Curtain walling, studwork and render to core.Timber rainscreen cladding and Corten cladding WINDOWS AND EXTERNAL DOORS £67.74/m 2Double glazed, polyester powder-coated tilt-and-turn windows.Blinds INTERNAL WALLS AND PARTITIONS £54.06/m 2Plasterboard stud partitions.Folding acoustic partitions.Single-glazed full height partitions INTERNAL DOORS £39.62/m 2Veneered doors with vision panels.Plantroom doors.

Ironmongery INTERNAL FINISHES WALL FINISHES £21.45/m 2Emulsion paint on plaster.Magnetic wall lining.

Ceramic tiling.Feature oak lining to meeting room FLOOR FINISHES £53.23/m 2Carpet to offices.Granite flooring to reception and circulation areas.Hardwood flooring to restaurant.

Ceramic tiling to WCs and kitchen CEILING FINISHES £39.63/m 2Painted concrete soffit with acoustic baffles to workspaces.Suspended metal tile to meeting rooms.

Heinz Richardson, Jude Harris, Andy Piles, Paul Miller, Alex Gilmour, Toby Ware, Martin Canaway, Martyn Clark INTERIOR DESIGNER Jestico + Whiles ID Studio:

Sniez Torbarina, Johanna Stockhammer, Sarah Besly, Valeska Pack STRUCTURAL ENGINEER Anthony Hunt Associates SERVICES ENGINEER Halcrow Group ENERGY ADVISER ESD LANDSCAPE ARCHITECT J&L Gibbons QUANTITY SURVEYOR Currie & Brown PROJECT MANAGER Malcolm Reading & Associates PLANNING SUPERVISOR Currie & Brown CONTRACTOR John Sisk and Son ECOLOGICAL ASSESSMENT Middlemarch Environmental SOIL SCIENTIST Meyer Environmental ACOUSTIC CONSULTANT Cambridge Architectural Research CLADDING CONSULTANT Montresor Partnership BREEAM ASSESSORS ECD Energy & Environment SUBCONTRACTORS AND SUPPLIERS steel frame contractor ACL Structure; curtain walls Alumel Systems, Schuco;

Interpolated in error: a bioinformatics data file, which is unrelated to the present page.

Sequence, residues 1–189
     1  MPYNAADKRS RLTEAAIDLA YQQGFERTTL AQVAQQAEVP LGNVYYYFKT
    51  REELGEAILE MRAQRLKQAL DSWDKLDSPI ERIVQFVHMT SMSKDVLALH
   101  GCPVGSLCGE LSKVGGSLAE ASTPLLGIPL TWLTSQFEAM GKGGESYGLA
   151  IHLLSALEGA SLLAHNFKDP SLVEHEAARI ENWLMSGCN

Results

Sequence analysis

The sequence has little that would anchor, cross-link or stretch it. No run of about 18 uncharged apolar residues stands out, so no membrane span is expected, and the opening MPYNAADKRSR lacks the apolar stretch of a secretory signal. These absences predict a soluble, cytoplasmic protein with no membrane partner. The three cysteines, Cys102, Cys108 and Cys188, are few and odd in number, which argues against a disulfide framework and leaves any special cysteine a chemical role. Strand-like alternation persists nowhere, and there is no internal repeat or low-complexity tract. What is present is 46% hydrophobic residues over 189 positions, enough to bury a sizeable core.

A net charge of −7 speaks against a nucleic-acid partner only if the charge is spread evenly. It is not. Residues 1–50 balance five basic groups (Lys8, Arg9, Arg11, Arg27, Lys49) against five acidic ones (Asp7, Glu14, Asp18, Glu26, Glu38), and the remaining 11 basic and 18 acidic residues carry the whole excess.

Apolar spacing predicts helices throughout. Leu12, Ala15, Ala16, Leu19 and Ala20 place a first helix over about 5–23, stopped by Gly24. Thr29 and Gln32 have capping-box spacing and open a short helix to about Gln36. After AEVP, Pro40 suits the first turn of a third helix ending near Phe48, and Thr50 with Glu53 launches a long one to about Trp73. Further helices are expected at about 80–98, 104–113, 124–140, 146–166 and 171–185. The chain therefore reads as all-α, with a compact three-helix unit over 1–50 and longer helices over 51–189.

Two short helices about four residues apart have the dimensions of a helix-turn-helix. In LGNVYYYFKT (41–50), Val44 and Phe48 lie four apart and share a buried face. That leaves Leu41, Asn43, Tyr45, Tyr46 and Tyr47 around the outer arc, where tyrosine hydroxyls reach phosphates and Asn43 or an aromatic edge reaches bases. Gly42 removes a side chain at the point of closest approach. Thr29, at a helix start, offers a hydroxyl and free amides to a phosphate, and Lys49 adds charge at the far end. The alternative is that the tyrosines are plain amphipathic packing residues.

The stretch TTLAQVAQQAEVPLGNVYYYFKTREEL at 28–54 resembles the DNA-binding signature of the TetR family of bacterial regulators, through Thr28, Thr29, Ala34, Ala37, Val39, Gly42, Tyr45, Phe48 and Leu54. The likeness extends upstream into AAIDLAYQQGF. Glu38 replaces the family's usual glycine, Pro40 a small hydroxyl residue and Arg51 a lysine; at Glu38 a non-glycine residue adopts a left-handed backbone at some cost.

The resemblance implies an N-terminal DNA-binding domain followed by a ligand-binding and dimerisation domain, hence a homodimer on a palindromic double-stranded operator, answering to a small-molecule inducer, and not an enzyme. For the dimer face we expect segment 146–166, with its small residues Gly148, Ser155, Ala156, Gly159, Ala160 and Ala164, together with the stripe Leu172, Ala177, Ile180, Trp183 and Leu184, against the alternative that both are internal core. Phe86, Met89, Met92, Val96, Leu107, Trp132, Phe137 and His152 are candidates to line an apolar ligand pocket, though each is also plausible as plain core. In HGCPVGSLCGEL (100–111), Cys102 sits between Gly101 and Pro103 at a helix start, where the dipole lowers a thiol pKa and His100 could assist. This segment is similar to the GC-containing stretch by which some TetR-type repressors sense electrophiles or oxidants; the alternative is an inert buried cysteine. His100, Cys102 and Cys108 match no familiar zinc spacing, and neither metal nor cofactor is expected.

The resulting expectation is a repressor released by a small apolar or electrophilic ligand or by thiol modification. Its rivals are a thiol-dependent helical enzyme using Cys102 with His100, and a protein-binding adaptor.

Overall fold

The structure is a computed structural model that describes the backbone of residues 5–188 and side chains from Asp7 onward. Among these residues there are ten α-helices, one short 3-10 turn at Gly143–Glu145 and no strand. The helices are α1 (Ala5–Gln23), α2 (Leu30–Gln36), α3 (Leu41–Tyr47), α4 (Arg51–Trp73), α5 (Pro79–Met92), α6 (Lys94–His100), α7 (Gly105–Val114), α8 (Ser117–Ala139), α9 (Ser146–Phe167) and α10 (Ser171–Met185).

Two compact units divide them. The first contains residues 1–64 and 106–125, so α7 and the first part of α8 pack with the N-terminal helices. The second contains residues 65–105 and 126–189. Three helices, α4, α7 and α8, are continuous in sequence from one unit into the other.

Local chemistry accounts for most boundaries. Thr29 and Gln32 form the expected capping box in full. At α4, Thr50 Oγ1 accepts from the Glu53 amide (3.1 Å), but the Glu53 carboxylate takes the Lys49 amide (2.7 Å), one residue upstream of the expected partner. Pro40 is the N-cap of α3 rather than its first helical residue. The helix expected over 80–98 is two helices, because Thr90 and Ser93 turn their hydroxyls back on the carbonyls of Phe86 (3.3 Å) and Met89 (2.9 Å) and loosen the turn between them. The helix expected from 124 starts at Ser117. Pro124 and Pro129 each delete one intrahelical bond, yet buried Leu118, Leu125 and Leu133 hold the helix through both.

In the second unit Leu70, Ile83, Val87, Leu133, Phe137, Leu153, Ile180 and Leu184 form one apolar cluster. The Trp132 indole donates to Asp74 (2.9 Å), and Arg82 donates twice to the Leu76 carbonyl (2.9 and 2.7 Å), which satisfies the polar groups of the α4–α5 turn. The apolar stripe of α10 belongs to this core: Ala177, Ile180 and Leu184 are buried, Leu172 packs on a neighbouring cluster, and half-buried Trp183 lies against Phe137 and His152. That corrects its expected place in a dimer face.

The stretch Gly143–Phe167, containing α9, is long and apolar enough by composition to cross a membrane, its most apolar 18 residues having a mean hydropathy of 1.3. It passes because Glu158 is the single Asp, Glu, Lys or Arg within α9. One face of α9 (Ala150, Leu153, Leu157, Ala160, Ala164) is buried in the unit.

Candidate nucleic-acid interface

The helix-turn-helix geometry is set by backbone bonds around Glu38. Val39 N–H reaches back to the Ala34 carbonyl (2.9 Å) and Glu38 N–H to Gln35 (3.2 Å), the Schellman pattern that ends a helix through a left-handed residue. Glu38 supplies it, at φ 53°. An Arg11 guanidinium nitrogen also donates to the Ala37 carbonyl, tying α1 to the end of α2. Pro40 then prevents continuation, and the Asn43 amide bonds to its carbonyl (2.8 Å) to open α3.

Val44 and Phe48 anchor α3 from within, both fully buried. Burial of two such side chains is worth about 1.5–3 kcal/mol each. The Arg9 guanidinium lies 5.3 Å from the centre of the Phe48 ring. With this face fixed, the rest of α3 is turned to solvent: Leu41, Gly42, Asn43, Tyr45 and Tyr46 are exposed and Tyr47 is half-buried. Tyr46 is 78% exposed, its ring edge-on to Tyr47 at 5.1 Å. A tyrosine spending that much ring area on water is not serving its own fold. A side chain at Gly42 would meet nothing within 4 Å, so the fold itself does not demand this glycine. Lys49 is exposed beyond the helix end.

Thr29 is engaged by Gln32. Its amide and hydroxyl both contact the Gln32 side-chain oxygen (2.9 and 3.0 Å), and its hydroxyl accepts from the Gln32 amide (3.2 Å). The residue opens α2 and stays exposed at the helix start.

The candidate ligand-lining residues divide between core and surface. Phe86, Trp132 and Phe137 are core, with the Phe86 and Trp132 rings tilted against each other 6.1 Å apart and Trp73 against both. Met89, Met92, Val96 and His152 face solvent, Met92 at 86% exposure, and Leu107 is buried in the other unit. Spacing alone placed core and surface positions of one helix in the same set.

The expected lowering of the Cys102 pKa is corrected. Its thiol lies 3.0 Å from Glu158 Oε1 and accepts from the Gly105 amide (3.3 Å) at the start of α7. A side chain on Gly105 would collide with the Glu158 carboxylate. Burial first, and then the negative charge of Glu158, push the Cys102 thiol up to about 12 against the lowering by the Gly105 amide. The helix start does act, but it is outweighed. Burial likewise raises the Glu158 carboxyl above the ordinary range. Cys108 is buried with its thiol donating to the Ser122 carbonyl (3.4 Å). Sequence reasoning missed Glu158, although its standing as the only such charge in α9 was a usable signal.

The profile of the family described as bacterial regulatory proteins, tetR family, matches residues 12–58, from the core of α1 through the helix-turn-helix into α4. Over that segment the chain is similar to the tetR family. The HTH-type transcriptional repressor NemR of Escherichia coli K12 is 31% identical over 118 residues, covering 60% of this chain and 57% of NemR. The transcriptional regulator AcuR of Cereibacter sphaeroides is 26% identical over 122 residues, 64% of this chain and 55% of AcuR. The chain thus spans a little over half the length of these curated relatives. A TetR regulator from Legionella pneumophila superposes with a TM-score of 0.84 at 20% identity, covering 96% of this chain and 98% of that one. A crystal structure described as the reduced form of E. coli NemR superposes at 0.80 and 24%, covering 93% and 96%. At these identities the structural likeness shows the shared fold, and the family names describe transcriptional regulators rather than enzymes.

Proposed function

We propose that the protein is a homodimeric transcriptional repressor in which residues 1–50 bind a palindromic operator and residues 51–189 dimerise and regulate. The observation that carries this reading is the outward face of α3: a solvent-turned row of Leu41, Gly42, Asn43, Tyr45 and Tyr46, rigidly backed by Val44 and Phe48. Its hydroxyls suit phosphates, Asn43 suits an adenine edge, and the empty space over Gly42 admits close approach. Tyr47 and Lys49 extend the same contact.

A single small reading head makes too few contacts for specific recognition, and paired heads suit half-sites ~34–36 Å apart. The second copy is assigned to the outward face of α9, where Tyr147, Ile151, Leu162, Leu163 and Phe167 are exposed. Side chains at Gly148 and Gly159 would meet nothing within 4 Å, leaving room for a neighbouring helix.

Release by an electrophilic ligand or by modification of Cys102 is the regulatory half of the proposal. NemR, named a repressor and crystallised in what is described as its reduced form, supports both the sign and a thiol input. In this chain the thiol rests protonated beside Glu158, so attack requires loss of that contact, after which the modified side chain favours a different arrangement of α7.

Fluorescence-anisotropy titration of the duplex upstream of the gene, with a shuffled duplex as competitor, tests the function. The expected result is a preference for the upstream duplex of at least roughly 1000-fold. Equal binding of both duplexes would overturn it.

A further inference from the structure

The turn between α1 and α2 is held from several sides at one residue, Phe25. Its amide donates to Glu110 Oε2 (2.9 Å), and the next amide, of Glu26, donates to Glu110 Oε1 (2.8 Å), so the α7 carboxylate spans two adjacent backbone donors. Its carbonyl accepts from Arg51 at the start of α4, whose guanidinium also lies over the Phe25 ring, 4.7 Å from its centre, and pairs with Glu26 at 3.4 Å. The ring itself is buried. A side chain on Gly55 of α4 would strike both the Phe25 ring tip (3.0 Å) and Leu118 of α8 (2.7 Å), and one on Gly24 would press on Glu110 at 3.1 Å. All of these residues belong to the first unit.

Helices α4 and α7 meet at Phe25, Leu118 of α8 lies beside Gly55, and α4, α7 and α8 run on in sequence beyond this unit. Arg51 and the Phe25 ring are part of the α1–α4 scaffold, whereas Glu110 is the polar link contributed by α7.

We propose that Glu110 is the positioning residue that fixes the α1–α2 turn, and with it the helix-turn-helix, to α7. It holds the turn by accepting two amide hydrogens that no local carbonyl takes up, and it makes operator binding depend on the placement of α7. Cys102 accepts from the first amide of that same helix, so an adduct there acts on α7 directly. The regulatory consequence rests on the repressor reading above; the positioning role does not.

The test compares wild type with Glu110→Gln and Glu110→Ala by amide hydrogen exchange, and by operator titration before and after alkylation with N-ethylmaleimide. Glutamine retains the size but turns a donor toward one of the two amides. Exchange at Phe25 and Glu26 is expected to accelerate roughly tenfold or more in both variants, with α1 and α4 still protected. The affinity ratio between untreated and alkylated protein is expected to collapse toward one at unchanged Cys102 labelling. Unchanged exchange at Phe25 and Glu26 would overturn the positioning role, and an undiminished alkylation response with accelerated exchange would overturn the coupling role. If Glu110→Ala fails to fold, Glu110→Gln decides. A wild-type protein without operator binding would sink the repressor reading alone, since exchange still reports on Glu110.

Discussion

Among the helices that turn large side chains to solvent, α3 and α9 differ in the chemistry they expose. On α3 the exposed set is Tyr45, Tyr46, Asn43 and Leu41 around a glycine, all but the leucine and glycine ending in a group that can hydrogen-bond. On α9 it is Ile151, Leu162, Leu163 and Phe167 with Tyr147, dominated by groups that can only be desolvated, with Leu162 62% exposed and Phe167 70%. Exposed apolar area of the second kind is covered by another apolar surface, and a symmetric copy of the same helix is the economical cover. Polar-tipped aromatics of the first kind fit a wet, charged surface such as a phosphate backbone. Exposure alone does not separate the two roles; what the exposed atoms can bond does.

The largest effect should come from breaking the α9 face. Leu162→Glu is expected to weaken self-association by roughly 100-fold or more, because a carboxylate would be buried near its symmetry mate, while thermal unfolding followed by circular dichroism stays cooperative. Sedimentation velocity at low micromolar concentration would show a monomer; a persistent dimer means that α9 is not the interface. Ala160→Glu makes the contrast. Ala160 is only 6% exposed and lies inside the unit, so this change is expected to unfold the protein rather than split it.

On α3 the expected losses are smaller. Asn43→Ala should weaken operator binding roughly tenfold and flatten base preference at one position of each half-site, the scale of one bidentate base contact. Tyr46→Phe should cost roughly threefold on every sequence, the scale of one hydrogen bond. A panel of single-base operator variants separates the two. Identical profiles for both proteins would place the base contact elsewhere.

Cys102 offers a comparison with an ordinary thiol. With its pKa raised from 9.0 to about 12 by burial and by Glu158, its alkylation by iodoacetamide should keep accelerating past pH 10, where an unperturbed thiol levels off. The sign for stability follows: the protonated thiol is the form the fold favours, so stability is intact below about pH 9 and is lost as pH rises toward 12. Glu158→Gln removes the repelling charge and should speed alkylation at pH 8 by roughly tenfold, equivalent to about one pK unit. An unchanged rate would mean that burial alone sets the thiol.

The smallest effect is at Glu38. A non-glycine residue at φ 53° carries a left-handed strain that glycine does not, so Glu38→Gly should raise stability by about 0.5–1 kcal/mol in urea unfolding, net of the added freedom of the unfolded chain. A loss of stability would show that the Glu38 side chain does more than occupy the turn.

electrical contractor Barrie Beard; ceramic tiling Birmingham Tile and Mosaic Company;

airtightness test contractor BSRIA; suspended ceilings SAS, C P Contracts; timber rainscreen contractor Carlton Smith 01386 555770; soft floor coverings Classic Interiors;

balustrade contractor Della Fabrications; block paving contractor Duo Paving; Corten rainscreen contractor Freeman T R;

raised floor contractor Hewetson Floors; lift contractor Kone Lifts;

folding screen contractor London Wall Design;

joinery contractor Nationwide Joinery;

acoustic bulkheads SAS;

glazed partition contractor Sandell Interiors; window contractor Scandinavian Timber; roof cladding Butler, Specialist Cladding Systems; Sto render/stud wall contractor Telling;

concrete floor/H&V contractor Termodeck;

piling contractor Westpile;

landscape contractor Whiting Landscape;

mechanical contractor John Sisk & Son; servery installer Design Counters;

reception desk Michael Sanders